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By Lata Punetha
For more than 50 years, a passionate group of mathematics educators from across Canada have been uniting to work together with the Centre for Education in Mathematics and Computing (CEMC) to provide feedback to students keen to improve their mathematical abilities via contest marking. From an initial team of fewer than ten markers in 1962 to a current group of almost 350 in 2023, we have witnessed math educators consistently returning every year to provide their support in marking contests for the CEMC. These events take place twice a year to mark the Euclid, Fryer, Galois, Hypatia and the Canadian Senior and Intermediate Mathematics Contests. More recently, markers participate in a hybrid format at these events, allowing more markers to contribute. When the contests began in 1962, they were initially restricted to Ontario. Today, students from over 80 countries participate in these math contests.
Participation in the marking events gives math educators the opportunity to assess contest papers of students from outside their school. This means identifying different problem-solving techniques and opening their eyes to various layouts and approaches. Markers are instructed to focus on the process used by the students to solve problems, rather than just the outcome. Educators find immense value in examining the work of different students. Contests help educators identify patterns where students consistently make mistakes and understand how students from different geographical locations approach the same math problems in different ways. This insight assists them in returning to their classrooms and explaining concepts differently to their students or teaching them more efficient solution techniques that they learned from other educators at the event or from contest papers.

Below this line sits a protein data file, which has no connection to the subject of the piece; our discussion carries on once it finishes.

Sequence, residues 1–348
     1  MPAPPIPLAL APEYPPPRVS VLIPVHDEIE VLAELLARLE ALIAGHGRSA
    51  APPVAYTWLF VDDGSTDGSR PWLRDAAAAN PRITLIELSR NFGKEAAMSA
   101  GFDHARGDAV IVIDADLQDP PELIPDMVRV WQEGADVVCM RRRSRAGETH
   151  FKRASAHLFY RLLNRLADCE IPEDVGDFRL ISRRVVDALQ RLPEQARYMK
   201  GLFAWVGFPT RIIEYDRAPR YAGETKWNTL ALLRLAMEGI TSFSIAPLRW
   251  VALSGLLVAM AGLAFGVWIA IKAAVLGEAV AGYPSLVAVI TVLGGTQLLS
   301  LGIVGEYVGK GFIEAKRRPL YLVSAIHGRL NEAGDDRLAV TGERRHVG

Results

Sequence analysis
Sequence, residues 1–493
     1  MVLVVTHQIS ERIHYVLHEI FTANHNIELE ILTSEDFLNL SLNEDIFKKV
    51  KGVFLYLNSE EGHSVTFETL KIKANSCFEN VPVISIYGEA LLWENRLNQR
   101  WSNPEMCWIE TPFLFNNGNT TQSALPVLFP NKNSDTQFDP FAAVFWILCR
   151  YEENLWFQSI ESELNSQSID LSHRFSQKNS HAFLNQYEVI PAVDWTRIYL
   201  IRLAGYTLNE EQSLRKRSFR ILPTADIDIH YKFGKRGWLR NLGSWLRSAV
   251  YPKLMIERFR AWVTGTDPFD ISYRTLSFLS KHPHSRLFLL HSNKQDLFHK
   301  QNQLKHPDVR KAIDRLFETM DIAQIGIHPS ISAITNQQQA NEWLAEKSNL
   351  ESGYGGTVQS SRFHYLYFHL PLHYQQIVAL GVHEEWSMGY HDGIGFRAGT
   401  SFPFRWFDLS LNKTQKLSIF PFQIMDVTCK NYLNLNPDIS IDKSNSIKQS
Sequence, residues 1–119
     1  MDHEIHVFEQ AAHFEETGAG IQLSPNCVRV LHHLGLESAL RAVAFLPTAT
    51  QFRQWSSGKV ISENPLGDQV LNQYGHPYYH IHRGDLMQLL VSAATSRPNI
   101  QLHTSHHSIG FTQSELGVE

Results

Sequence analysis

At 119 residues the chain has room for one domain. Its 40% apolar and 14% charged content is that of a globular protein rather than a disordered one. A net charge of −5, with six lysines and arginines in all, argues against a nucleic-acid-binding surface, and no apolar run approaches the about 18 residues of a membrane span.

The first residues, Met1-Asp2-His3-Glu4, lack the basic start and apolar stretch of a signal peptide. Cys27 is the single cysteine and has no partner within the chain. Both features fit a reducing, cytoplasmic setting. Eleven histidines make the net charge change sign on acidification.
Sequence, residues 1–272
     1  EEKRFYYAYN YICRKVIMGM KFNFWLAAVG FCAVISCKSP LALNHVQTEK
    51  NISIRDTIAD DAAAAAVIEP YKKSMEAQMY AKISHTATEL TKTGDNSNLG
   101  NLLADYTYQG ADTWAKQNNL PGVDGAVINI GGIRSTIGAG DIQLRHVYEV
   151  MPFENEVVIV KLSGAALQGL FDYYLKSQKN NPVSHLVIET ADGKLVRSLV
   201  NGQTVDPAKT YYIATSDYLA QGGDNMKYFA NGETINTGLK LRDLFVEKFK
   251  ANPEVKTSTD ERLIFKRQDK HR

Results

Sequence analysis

Laurissa Werhun, a mathematics educator and marker from Toronto, Ontario, says,
Math is a global unifier – there may be countless ways to solve the same math problem. Marking contest papers from students of diverse geographical backgrounds enhances our understanding of different mathematical approaches and often serves as a valuable learning experience for us teachers. Connecting with different math teachers at the CEMC marking events makes us aware of how to cater to students with varying math abilities, thereby improving our teaching skills!
The demographic at marking events ranges from current undergraduate mathematics students to math educators, math enthusiasts working in industry, university faculty members, and retired educators. Collaboration with other math educators helps markers share notes about what is working in their classrooms. Educators find that these shared experiences are crucial to help them understand their students better and help them in their journey with mathematics. For a secondary school educator, this could be learning about the intricacies of running a math club and training students for contests, for a university instructor it could help them understand the diversity that mathematics can bring into their classroom as they welcome international students and for a young educator these events turn out to be a fantastic training ground to learn about different problem-solving methods.
Jane Robinson, a University of Waterloo alum and a marker for over 30 years shares,